Saipua matriarch, Susan Ryhanen began making soap as a hobby in 1999 in her basement using olive oil from the grocery store and a shoebox as a mold. The hobby grew into a small business called Creekside Soaps; and Susan would sell soap at the Peekskill farmers market. Susan’s husband Pentti, a retired auto body repair man and woodworker engineered better molds and soap cutters in his shop and the business grew to offer soap making supplies to other hobbyists.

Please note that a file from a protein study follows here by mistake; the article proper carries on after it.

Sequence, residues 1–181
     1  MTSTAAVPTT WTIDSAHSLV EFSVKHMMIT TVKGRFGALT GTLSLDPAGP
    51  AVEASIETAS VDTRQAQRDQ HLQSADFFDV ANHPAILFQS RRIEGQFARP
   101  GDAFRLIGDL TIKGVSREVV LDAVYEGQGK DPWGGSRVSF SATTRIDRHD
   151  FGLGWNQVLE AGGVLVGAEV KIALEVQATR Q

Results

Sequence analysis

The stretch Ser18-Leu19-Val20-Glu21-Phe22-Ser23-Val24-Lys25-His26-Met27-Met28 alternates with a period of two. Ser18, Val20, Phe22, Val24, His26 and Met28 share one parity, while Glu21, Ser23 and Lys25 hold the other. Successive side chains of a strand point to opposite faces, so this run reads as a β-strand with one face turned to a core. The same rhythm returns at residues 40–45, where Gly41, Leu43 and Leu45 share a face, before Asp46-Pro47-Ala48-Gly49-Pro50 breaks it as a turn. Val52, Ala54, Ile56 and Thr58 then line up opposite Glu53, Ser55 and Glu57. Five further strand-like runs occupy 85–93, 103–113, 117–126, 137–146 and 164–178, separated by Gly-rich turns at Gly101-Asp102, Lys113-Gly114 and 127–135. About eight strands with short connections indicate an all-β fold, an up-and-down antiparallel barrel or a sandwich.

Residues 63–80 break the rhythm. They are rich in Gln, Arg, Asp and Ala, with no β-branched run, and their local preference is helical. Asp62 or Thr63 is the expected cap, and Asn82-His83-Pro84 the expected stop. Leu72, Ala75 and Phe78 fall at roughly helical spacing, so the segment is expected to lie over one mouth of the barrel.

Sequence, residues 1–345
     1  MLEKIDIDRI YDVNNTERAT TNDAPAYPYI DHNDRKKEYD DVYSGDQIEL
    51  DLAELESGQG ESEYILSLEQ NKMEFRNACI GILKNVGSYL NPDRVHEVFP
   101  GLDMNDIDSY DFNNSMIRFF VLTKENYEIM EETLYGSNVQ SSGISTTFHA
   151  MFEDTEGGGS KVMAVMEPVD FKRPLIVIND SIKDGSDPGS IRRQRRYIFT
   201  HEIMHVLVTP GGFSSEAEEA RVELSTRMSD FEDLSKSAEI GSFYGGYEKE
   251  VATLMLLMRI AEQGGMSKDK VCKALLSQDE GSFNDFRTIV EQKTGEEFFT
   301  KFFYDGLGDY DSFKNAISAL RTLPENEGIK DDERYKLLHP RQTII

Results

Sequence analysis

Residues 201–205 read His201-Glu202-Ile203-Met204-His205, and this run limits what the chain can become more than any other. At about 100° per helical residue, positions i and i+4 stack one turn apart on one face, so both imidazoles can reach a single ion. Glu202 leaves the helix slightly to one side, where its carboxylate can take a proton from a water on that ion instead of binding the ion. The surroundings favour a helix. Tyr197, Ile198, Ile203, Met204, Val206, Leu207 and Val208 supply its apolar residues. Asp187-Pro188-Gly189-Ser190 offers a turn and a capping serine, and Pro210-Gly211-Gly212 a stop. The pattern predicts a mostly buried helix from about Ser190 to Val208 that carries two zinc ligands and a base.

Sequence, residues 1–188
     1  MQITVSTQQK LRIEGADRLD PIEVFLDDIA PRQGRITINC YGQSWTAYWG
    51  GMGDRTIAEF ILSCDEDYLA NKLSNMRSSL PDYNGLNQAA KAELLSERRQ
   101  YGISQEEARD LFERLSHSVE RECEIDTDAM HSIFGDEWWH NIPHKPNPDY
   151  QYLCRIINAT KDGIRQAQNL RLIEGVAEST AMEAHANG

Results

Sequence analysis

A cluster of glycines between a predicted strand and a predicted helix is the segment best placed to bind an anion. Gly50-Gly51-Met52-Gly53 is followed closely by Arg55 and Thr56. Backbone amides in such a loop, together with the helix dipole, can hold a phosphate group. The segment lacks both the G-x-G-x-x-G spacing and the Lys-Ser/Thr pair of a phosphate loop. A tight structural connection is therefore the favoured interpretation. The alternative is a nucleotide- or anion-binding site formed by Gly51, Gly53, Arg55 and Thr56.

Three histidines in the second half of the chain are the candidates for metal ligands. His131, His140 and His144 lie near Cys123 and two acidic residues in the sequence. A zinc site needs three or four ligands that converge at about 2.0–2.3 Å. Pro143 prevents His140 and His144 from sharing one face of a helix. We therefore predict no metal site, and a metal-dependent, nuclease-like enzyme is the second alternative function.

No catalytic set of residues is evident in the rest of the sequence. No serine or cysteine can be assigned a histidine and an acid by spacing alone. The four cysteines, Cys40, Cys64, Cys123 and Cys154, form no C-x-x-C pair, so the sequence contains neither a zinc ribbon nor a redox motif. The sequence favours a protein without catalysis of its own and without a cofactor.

In 2004 Susan’s daughter Sarah and her partner Eric suggested a re-branding of the soap - and SAIPUA (derived from the Finnish word for soap ‘saippua’ and a nod to Pentti’s heritage) was formed.
Over the course of the next 20 years, the soap business would serve as a backbone for a fledging floral business and allow for the purchase and development of Worlds End Farm.
Today soap production happens in a small workshop situated at the heart of the farmyard at Worlds End. Over 200,000 bars of olive oil soap are mixed and poured by Susan, cut by Pentti, and wrapped and packed by members of the Worlds End community.